At the publication time of this post, many races were electively canceling or postponing due to the rapid spread of COV-19. Yet cancelled races are not unheard of, such as when the New York City Marathon canceled in 2012 due to Hurricane Sandy. What should you do if your race is cancelled?
Life goes on if a race is canceled, as does your training. Cancelled races are frustrating and disappointing, yet you can have alternative approaches to make the best of the situation.
Know that Your Training Has Not Gone to Waste
One of the hardest parts about a race being canceled is the letdown after intense preparation. You spent weeks, more likely months, waking up at 5 AM, putting in hard work, and logging countless miles. That hard work is not all lost just because your race is cancelled. You maintain that fitness whether or not you race.
Participate in a Virtual Race
Virtual races and Strava challenges abound during any time of year. If your race is canceled at the eleventh hour and you cannot find a back-up race, consider participating in a virtual race. You can still compete against other runners and often earn a medal or swag. Most virtual races support a good cause as well!
Another option is to host your own virtual race. Reach out to some of your virtual running friends and coordinate your own virtual race! You can start at the same time and run the same distance, such as a 5K or 10K. Use a hashtag to follow each others results and be sure to generously hand out kudos on Strava.
Do a Time Trial
Time trials are hard yet rewarding, just like a race. You can do a time trial as part of a virtual race, with a training buddy, or on your own.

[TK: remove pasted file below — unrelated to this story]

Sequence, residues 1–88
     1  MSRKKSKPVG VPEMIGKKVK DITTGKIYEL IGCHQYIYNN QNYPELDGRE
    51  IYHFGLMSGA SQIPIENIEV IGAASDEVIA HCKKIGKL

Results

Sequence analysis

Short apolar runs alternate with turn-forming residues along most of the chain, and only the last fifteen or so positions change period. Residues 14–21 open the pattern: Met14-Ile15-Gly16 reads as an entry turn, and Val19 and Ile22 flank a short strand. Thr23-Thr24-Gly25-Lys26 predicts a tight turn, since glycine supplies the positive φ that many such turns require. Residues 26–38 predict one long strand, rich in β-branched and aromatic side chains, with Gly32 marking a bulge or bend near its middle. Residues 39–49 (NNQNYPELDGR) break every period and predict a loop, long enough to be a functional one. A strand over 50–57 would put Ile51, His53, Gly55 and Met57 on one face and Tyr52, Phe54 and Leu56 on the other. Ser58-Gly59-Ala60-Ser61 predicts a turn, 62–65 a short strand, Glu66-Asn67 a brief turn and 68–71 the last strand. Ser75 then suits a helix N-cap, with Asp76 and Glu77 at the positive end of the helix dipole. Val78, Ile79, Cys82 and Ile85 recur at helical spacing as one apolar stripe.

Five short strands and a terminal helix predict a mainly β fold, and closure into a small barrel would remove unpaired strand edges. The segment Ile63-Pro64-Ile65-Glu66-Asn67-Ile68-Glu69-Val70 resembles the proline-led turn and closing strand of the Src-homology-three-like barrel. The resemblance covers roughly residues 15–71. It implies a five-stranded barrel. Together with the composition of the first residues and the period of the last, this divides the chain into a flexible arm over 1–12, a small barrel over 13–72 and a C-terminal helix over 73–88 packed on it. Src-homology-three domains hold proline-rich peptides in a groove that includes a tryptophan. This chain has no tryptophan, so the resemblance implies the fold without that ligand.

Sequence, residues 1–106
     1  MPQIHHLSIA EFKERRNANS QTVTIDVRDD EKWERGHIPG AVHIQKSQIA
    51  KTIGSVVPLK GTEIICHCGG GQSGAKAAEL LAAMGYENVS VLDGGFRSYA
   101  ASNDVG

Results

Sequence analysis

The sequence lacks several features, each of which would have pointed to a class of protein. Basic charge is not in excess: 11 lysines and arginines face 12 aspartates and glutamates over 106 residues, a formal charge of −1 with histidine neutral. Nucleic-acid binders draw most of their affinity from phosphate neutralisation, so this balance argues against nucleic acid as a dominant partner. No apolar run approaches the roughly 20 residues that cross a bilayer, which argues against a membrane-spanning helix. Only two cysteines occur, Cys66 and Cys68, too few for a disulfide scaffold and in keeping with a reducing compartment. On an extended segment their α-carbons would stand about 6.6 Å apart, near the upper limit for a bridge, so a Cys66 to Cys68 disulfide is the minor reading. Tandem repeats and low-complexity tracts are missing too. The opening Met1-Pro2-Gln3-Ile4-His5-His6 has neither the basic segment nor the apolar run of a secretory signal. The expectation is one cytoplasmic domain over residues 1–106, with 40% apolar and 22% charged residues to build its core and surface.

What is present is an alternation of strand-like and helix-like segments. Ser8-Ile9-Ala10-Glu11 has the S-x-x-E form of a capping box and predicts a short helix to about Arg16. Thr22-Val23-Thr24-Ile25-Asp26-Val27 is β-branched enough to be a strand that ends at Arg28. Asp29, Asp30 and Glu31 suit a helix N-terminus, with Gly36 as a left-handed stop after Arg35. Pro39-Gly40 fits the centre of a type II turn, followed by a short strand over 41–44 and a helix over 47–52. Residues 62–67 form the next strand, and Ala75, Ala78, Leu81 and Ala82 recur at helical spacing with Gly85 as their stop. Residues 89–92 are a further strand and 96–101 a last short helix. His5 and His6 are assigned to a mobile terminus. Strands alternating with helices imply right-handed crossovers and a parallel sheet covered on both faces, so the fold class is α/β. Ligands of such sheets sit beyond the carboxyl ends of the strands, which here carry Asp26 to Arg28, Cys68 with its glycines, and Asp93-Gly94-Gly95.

A successful time trial is simple to execute. Map out a route before with minimal street crossings. First, warm up with a mile or two of easy running. Run your race distance (or shorter) at about 95% effort without any pauses. A time trial both serves as a fitness assessment and a workout in its own right.
A marathon or ultra time trial may be daunting, but you can still complete the distance on your own. That in itself is a rewarding challenge! Alternatively, if you don’t want to race a marathon of one, try a half marathon or 25k (~15 mile) time trial.
If the cancelled race was your first time running a certain distance, then try to run the distance on your own.
Host an Informal Fun Run
If it was a local race that was cancelled, put a call out on social media to other runners in your area. You can organize a fun or competitive (or both!) get together in place of a race. After the fun run, enjoy social time with other runners at a coffee shop or brewery.
Find a Back-Up Race
The exact logistics of a backup race vary wildly, depending on how much notice you have leading up to your canceled race and how far away your back-up race is. One big concern is overtraining; you do not want to end up doing too long of training block or go too many weeks without a cutback week. It is always, always better to be slightly undertrained than overtrained.
If you have already completed your peak week and begun your taper, you may want to focus on maintaining your fitness if your new race is just a week or two away. If your back up race is a month or two away, give yourself a cutback week or two and then focus on sharpening for your new goal race.
Have you ever had a race cancelled? What did you do?
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